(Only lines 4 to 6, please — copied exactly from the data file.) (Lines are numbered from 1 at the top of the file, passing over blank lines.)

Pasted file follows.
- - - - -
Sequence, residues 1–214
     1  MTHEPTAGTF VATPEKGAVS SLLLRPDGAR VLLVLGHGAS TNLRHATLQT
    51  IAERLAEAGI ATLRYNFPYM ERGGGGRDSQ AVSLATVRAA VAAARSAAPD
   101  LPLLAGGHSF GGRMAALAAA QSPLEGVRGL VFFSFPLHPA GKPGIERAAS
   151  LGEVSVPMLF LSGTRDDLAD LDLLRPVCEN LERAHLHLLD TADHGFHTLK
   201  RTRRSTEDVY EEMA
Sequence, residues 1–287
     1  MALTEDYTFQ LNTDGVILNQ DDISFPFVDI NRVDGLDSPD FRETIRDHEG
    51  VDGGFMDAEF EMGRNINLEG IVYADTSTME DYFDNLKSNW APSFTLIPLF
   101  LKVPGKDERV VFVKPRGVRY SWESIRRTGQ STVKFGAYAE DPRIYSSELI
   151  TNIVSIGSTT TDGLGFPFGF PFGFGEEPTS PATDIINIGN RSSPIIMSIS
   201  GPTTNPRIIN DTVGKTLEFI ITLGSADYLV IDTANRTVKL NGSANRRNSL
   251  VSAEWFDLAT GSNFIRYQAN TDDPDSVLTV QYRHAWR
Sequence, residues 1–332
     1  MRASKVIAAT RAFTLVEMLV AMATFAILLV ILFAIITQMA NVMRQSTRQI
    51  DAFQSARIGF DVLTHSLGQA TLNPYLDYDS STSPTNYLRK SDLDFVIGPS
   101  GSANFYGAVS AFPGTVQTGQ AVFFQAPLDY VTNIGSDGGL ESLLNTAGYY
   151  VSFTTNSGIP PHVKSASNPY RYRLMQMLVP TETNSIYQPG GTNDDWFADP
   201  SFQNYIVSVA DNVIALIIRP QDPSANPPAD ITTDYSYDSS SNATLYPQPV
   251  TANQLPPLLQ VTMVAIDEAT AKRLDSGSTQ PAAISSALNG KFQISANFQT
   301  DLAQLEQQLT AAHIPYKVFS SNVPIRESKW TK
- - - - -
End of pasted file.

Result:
   101  LPLLAGGHSF GGRMAALAAA QSPLEGVRGL VFFSFPLHPA GKPGIERAAS
   151  LGEVSVPMLF LSGTRDDLAD LDLLRPVCEN LERAHLHLLD TADHGFHTLK
   201  RTRRSTEDVY EEMA